Lightning ignited two fires last week in nearby wilderness areas—one in the Sawtooth Mountains and one in the Frank Church-River of No Return Wilderness not far from the Middle Fork of the Salmon River.
The Papoose Fire has burned about 4,400 acres in a tributary drainage on the west side of the Middle Fork of the Salmon, between the mouth of Big Creek and the confluence with the Main Salmon. It was detected on July 8.
Forest Service Public Information Officer Mike McMillan said the fire has reached the river in a few spots. However, he said, “It’s not just racing up the ridges—it’s in pretty sparse fuel.”
Fire managers completed a helicopter reconnaissance of the fire area on Sunday afternoon and a water-dropping helicopter was used to douse hot spots on Monday. Forty-five people were reported working on the fire Tuesday.
However, McMillan said firefighters were unable to control the fire on the initial attack, and because of the difficult terrain will probably be unable to contain it quickly.
“We’re probably going to be living with this fire all summer,” he said. “We’re focused on keeping the impacts to the river minimal.”
Eight firefighters from Montana’s Lewis and Clark Fire Module began a three-day mission by boat on Monday to assess river campsites and heritage sites. They planned to remove ground litter to reduce the fire’s impact should it reach those sites. Fire personnel are also assessing the Big Creek Bridge and surrounding area.
Boaters on the Middle Fork of the Salmon are required to check in with forest personnel at the Flying B Ranch to determine if there are changes in campsite reservations based on fire activity or fire operations.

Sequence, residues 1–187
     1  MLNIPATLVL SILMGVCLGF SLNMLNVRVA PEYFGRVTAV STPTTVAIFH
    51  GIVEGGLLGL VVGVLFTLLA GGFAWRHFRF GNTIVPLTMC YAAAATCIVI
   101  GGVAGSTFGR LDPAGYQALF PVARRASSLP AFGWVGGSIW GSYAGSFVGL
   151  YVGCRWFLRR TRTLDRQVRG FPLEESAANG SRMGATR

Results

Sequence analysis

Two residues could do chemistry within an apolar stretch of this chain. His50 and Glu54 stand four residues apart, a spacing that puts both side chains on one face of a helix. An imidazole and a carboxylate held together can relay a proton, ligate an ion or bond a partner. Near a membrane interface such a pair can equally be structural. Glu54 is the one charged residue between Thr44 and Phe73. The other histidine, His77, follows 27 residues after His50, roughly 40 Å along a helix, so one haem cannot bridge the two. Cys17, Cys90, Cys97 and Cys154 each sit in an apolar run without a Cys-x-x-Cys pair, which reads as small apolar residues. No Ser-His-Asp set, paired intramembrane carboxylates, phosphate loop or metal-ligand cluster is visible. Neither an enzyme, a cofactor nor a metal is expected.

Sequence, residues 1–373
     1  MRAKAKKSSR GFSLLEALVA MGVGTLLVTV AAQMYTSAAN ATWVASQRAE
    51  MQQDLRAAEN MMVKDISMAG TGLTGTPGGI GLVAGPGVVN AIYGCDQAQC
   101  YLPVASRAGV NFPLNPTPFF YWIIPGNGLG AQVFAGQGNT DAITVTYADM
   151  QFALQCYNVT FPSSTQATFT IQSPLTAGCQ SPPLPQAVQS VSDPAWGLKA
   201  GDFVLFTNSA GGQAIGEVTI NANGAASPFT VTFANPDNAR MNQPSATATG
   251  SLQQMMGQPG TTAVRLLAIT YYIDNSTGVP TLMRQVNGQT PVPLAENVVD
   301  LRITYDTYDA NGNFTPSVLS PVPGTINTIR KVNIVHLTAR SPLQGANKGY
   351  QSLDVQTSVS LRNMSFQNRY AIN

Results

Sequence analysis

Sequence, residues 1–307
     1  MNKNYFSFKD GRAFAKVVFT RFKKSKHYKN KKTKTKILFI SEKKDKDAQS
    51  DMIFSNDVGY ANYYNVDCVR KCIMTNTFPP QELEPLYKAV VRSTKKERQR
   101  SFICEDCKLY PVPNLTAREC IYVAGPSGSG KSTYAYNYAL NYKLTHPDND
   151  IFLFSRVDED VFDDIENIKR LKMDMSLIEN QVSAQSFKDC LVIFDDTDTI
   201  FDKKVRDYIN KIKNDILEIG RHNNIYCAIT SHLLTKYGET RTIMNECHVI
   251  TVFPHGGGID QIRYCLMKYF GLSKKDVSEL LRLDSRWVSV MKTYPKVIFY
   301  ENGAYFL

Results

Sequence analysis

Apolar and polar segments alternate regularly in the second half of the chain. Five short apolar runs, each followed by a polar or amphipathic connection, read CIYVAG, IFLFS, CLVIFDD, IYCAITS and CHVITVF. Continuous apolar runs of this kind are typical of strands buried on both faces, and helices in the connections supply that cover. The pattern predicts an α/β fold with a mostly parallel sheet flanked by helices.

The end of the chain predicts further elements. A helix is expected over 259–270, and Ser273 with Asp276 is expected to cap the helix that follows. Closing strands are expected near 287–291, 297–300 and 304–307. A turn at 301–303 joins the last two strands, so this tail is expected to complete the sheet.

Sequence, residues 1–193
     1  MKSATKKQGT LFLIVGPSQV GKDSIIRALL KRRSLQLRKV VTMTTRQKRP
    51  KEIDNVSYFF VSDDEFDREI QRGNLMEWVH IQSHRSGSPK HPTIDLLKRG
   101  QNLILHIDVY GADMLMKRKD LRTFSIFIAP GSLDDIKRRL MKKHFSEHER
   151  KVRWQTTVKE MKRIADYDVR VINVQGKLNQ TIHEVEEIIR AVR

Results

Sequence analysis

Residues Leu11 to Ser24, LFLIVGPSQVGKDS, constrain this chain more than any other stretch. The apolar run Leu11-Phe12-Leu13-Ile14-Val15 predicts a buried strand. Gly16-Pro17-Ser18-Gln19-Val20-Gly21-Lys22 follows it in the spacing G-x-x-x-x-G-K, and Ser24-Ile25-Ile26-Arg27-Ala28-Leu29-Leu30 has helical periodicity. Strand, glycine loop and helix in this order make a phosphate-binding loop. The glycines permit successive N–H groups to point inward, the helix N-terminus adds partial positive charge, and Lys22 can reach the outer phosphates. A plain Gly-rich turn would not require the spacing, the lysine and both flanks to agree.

The second fire, called the Leggit Fire, is burning in the southern end of the Sawtooth Wilderness several miles east of Atlanta.
According to a news release from the U.S. Forest Service, the fire was ignited on July 2 and has burned 160 acres. Leggit Creek is a tributary of the Middle Fork of the Boise River.
Water drops from helicopters are working to keep the fire from spreading into adjacent areas, but because of the steep slopes, loose, rocky soil and challenging access in the area, managers have strong concerns for firefighter safety. Forest managers are planning the appropriate response to this incident.
“The helicopter drops are being effective in keeping the fire high up in the drainage and keeping it separated from heavier fuels lower down,” said Matt Filbert, assistant fire management officer for the North Zone of the Sawtooth National Forest.
An area closure is in effect for the Leggit Creek drainage including the Leggit Creek Trail, which is accessed from a trailhead north of Atlanta.
For updated information, call the Stanley Ranger Station at 208-774-3000 or the Sawtooth National Forest headquarters office at 727-5000.